Near misses (cont’d)
Each year the hard drive continues to get bigger and bigger, Seagate’s 7200.10 was a prime example of this. The drive sports perpendicular recording technology, as well as denser platters, allowing it to pack in data like never before. The drive also ships with Seagate’s 5-year warranty and boasts a 16MB cache, supports 300MB/sec transfer rates, and supports NCQ.
The 7200.10 is available in capacities ranging from 200GB up to 750GB, and most importantly, is priced aggressively. You can pick up a 250GB 7200.10 HDD with 16MB cache for about $80 on Newegg (and even less for the 8MB cache models, but we’d suggest a 16MB drive), and a 400GB drive for under $140.
The 7200.10 helped to usher in a new era of inexpensive, large-capacity hard drives, and it’s a speedy drive too. What’s not to like about that?
ATI Radeon X1950 XTX:
Built on TSMC’s 80-nm manufacturing process, ATI’s Radeon X1950 XTX was designed to make their high-end R580 GPU architecture cheaper for ATI to produce. Its R580+ graphics core supports the same basic specs as R580, only its memory controller has been designed to run with GDDR4 memory. In fact, the Radeon X1950 XTX ships with 512MB of GDDR4 running at 1.0GHz (2.0GHz effective) clock rate. This allows the X1950 XTX to excel at ultra high resolutions like 2560x1600.
ATI also addressed one of the chief criticisms of X1900 XTX: noise. The Radeon X1950 XTX ships with a dual-slot cooler that exhausts hot air outside your case, just like the X1900 XTX, only now it runs considerably quieter – it’s nearly silent in fact. Before the debut of NVIDIA’s G80 GPU, the Radeon X1950 XTX’s R580+ GPU was the fastest single graphics chip on the market, and it offered HDR+AA for even better visual quality. The only real downside to the Radeon X1950 XTX is that it predates built-in CrossFire.
Since the Radeon X1950 XTX debuted, ATI has released a slew of new mainstream GPUs that have CrossFire support built-in to the graphics core itself, thus removing the need for CrossFire master cards.
Radeon Xpress 3200 CrossFire:
The Xpress 3200 chipset (which has since been renamed the 580X CrossFire chipset by AMD) was a real breakthrough product for ATI, finally proving that they could truly design and build a high-end chipset for the AMD platform. Up to that point, ATI’s success in the chipset segment had been limited to integrated platforms.
The Xpress 3200 chipset delivered exceptional performance and overclocking headroom, all in a package that could run on simple passive cooling. It offered a total of 40 PCI Express lanes with most of those lanes in its North Bridge so that it could drive two 16 lane PCI Express graphics slots at full bandwidth in CrossFire mode. The chipset also supported up to 10 USB 2.0 ports and four 3Gb/sec SATA hard drives with NCQ.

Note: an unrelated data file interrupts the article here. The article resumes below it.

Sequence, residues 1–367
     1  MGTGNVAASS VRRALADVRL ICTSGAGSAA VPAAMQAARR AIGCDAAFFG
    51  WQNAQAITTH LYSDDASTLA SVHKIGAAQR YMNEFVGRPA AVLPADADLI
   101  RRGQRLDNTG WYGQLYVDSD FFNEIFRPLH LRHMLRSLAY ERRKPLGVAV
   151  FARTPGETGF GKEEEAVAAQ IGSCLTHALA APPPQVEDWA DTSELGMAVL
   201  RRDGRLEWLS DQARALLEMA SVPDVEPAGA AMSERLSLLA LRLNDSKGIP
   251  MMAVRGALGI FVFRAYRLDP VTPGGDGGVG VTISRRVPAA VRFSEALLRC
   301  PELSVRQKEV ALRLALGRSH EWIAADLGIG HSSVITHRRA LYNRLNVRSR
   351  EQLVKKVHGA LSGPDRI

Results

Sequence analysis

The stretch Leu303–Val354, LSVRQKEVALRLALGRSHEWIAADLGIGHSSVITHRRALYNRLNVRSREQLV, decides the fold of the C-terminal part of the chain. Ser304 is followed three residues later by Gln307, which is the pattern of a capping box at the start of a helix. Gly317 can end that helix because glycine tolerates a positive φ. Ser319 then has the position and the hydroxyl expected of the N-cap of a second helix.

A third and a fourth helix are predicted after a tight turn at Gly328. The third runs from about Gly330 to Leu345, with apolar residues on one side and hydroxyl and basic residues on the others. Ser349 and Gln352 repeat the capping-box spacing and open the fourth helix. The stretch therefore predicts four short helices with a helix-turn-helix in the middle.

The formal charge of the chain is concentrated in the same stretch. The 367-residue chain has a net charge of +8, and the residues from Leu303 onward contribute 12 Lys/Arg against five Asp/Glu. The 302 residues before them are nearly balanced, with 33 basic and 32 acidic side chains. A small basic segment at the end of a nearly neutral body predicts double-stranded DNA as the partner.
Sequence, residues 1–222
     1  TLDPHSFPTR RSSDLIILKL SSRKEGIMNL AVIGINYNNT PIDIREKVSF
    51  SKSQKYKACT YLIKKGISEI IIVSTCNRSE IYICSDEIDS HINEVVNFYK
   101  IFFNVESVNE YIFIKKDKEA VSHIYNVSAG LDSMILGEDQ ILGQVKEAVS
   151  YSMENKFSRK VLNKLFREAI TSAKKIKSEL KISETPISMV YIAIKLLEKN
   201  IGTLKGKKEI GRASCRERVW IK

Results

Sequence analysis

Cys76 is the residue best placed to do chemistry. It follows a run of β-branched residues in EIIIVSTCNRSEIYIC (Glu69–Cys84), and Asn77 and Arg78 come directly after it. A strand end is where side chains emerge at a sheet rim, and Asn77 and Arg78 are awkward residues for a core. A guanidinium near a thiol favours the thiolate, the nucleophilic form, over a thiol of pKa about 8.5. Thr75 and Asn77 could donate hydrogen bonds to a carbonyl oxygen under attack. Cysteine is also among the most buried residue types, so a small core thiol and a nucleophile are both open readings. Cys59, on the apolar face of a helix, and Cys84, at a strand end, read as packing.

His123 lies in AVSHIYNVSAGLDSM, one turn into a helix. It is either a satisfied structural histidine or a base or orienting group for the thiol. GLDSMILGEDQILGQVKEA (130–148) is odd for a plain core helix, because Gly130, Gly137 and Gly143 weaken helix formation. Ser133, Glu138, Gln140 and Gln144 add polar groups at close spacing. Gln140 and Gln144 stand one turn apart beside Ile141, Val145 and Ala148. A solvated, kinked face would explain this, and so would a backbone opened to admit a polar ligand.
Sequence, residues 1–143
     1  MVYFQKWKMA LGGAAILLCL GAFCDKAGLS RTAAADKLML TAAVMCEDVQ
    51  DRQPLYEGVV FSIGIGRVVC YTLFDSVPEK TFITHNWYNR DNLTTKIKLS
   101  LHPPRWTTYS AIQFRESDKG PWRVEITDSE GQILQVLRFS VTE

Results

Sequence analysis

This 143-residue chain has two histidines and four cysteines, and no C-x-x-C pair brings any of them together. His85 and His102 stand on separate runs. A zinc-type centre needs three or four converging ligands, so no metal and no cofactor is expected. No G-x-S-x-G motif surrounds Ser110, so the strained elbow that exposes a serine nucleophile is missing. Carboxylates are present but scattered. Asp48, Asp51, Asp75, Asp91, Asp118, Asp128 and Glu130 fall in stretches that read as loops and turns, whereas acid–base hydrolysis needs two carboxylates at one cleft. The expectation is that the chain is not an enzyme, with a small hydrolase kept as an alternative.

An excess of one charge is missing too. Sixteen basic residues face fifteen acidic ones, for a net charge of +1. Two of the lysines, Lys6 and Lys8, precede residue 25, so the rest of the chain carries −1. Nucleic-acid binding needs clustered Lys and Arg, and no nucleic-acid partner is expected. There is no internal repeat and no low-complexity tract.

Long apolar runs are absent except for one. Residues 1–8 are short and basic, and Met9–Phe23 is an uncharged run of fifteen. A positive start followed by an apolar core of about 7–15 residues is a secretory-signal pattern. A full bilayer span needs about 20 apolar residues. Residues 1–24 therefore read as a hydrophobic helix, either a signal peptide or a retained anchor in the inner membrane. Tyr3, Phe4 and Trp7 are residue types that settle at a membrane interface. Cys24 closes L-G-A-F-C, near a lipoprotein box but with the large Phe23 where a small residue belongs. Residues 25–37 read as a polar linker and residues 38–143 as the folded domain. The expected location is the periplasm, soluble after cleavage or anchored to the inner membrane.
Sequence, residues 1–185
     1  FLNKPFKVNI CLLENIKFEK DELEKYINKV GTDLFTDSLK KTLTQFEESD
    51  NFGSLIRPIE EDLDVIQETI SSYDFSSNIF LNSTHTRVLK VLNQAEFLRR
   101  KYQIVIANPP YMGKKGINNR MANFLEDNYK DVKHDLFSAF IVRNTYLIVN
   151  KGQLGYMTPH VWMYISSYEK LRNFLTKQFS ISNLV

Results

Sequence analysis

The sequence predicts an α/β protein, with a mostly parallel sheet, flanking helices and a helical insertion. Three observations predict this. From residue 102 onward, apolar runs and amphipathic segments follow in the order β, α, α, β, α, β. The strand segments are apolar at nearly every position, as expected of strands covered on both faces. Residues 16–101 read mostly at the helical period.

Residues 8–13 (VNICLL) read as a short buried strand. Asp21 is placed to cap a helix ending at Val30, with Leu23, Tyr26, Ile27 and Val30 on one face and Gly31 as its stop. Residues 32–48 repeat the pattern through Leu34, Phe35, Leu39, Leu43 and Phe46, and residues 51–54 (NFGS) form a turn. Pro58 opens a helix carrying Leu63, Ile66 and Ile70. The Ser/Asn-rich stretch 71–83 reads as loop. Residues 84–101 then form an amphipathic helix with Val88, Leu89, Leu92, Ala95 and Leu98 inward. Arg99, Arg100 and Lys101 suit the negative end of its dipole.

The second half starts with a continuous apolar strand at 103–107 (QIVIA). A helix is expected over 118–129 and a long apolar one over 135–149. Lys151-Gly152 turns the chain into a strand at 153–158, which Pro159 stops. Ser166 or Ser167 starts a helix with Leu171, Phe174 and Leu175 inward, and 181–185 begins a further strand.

Xpress 3200 was a real hit on the Socket 939 platform, but for whatever reason, it’s been slow to catch on for AM2, with only a handful of motherboards available on the market. It’s a shame too, as it’s really a solid alternative to NVIDIA’s nForce chipset family, particularly for use in HTPCs or other apps where power/heat are a concern.
Core 2 Extreme QX6700 (quad-core):
Intel’s Core 2 Extreme QX6700 was the world’s first quad-core CPU, packing four Core 2 processing cores inside a single socket package. Running at 2.67GHz, the Core 2 Extreme QX6700 was outperformed by the Core 2 Extreme X6800 in most gaming benchmarks, but with a little bit of overclocking this could easily be made up.
In the overclocking department, like all Core 2 CPUs, the QX6700 was an overclocking marvel. In fact, Gateway and other PC manufacturers have taken the liberty of factory overclocking the QX6700 to speeds of 3.2GHz and more, complete with warranty. Even Dell, a company which has traditionally shied away from overclocking, provides OC’ing options inside the BIOS of their QX6700-powered XPS 710 desktop system.
The only real downside to the chip is it’s prohibitively expensive. It officially carries a list price of $999, but this is the price Intel charges its distributors in 1K unit pricing, street prices on the CPU are currently a little higher than that. Fortunately Intel is expected to introduce cheaper quad-core CPUs over the course of 2007.